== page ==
• Excess deferrals not distributed by April 15 are subject to the 10% additional tax, which is not correctible under EPCRS.

  • Earnings are taxed in the year distributed.

  • 415( c) excess contributions must be transferred to a 403( c) account or to the participant by the end of the year in which the excess occurred; if transferred later, they must be corrected under EPCRS.

  • Distribute excess contributions from the Roth account source first, then the elective deferral accounts, then from the employer contributions.

  • IRS and financial statement auditors are likely to verify that excess deposits to participant accounts are properly handled.

Maximizing retirement savings is good, but failure to observe the limits is too much of a good thing.


Mistake #4: Incorrect Computation of the Special 403(b) Catch-Up Limit

Participants with 15 years of service with the same 403(b) employer are eligible to contribute an additional $3,000 per year up to a lifetime maximum of $15,000 if their average contributions for their entire eligibility period are less than $5,000 per year. The amount of the special 15-year catch-up and the underused amount is equal to the lesser of:

  • $3,000;

  • $15,000 reduced by the sum of prior years' 15-year catch-up deferrals; or

  • $5,000 x years of service with the employer, minus the total of all elective deferrals made to a 403(b), 401(k), SARSEP or SIMPLE IRA plan maintained by the employer, including the 15-year catch-up, but excluding the age SO catch-up.

Contributions in excess of the 402(9) limit count toward the special 403(b) catch-up first and then towards the age 50 catch-up. A participant eligible for both types of catch-ups may contribute up to $3,000 extra for the 15-year catch-up, along with an extra $6,500 for the age 50 catch-up in 2020, 2021 and 2022 ($6,000 in 2015, 2016, 2017, 2018 and 2019).

Determining years of service can be complicated because the definition of full-time may be different for each position and for each employer and may be expressed in days, weeks, months, or semesters and can span more than one calendar year. Additionally, determining years of service are with the same employer may require data from separate institutions and payroll systems. For example:


  • If an employee works for the same public school district, but at different schools within that system, the rules consider the employee to be employed by the same employer.

  • If an employee works for a hospital system, but works at different hospitals within that system, the rules consider the employee to be employed by the same employer.

  • If a minister is a self-employed minister, the rules consider all those years of service as a self-employed minister as working for the same employer.

An employer planning to use the 15-year catch-up should review IRS Pub. 571 for a more detailed look at this calculation. This also may be an area to ask for the input of a benefits professional such as a third-party administrator.


Excess contributions plus earnings must be distributed to the participant. The timing of the corrective distribution will determine the taxation to the employee. For example, excess deferrals must be withdrawn by April 15, or they will be subject to double taxation on the year of the contribution excess and the year of the distribution.


For a person in the highest tax bracket, this could mean over 80% taxation including federal and state income taxes, plus Social Security and Medicare taxes. Earnings on excess deferrals are taxed in the year distributed. The taxation will be determined by how the corrective distribution is reported on Form 1099-R:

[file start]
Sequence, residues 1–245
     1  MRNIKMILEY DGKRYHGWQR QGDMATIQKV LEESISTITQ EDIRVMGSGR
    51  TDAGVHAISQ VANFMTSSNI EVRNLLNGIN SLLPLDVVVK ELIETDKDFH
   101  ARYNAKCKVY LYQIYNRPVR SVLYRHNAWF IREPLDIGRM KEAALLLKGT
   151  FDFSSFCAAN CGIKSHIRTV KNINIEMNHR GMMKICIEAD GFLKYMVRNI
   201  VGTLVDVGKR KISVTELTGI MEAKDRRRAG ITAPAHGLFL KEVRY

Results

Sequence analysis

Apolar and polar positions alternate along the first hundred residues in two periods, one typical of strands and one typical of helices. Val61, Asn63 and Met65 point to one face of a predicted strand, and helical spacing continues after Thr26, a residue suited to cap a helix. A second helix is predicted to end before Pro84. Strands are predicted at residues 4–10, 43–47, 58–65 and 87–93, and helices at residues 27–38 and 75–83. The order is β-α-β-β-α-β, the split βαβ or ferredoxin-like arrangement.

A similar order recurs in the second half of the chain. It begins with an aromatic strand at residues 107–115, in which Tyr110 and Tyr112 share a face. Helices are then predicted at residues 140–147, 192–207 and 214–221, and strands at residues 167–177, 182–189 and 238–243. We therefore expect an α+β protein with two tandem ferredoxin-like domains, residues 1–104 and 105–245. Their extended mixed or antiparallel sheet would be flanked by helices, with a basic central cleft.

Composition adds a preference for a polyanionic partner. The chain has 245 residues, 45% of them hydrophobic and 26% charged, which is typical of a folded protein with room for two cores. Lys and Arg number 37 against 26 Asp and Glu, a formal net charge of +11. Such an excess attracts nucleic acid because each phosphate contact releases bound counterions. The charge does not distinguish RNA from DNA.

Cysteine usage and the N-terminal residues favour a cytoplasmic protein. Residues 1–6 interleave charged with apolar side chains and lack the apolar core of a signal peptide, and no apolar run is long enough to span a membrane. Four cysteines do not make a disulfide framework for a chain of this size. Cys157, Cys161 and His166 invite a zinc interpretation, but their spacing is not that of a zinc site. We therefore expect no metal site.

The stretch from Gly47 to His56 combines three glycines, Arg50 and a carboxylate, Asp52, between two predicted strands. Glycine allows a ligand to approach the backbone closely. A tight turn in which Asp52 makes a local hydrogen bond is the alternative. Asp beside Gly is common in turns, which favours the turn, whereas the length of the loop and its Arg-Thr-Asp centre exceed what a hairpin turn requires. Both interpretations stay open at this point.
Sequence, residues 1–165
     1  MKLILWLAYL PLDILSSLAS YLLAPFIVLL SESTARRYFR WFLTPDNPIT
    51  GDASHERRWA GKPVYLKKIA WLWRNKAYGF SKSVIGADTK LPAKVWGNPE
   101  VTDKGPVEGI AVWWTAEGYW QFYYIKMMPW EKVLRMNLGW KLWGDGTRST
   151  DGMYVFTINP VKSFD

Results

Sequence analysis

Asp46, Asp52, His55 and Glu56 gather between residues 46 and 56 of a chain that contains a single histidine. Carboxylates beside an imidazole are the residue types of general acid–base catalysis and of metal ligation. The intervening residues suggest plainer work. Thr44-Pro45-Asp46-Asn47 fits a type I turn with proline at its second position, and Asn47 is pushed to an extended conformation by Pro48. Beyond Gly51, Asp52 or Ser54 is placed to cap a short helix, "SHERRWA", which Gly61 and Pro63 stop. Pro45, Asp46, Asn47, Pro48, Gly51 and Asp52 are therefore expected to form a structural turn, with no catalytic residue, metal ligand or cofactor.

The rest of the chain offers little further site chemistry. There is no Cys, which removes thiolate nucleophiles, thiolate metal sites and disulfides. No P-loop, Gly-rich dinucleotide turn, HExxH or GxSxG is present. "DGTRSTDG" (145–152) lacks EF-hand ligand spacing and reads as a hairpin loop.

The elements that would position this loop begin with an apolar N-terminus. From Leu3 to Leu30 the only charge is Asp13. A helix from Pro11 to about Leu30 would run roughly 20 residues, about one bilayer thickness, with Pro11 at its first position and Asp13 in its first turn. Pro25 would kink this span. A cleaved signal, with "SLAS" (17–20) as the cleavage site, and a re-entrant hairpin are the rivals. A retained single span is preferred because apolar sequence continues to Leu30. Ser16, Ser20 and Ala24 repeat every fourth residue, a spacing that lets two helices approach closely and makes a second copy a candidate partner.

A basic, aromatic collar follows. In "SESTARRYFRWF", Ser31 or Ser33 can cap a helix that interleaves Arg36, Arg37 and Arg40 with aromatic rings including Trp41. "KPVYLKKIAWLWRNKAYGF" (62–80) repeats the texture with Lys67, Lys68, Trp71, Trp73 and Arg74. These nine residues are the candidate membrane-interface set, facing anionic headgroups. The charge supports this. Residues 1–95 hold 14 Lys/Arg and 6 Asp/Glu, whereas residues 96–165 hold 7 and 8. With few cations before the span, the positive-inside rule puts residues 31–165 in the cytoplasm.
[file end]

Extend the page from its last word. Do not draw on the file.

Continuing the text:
• Excess deferrals and earnings distributed during the year the excess occurred should be reported on one Form 1099-R (Code 8).

  • Excess deferrals and earnings distributed between Jan. 1 and April 15 of the following year may have to be reported using two Form 1099-Rs: one Form 1099-R (Code P) for the excess deferral; and one Form 1099-R (Code 8) for the earnings.

  • Excess deferrals and earnings distributed after April 15 should be reported on one Form 1099-R (Code 8) for the year they are distributed.

Mistake #5: Missed or Insufficient Required Minimum Distributions (RMDs)

"But my record keeper takes care of that!" The most common errors often result from the most common misconception: that the TPA and/or the recordkeeper take care of everything.


In the case of RMDs, recordkeepers' responsibilities often stop at informing the participant that they should take their distribution. Owners of 403(b) contracts can calculate the RMD separately for each 403(b) contract they own, and then take the full RMD from only one or some of the 403(b) contracts. For that reason, recordkeepers are seldom responsible for verifying that the participants computed their RMD amount accurately, and participants often fill out the distribution forms using only one of their several 403(b)contracts; resulting in an insufficient RMD.


An onerous excise tax of 50% is imposed on the amount of the RMD not received by the participant and is paid with the participant's individual federal tax return for the year the RMD was not taken, through Form 5329, Additional Taxes on Qualified Plans (Including IRAs} and Other Tax Favored Accounts. Under SCP, the participant-owed excise tax under IRC Section 4974 is not automatically waived. In certain situations, the IRS may waive the penalty if the taxpayer attaches a letter explaining that the RMD failure or shortfall was due to reasonable cause and that steps are being taken to catch up the payments. If the administrator determines that the failure to make RMDs was not a minor error, the failure can be corrected through the IRS VCP. Under VCP, the plan sponsor would pay a fee to submit a suggested correction method to the IRS for approval, including a request to forgive the affected participant's excise tax. The submission is made on Form 14568-H, Schedule 8: Failure to Pay Required Minimum Distributions Timely.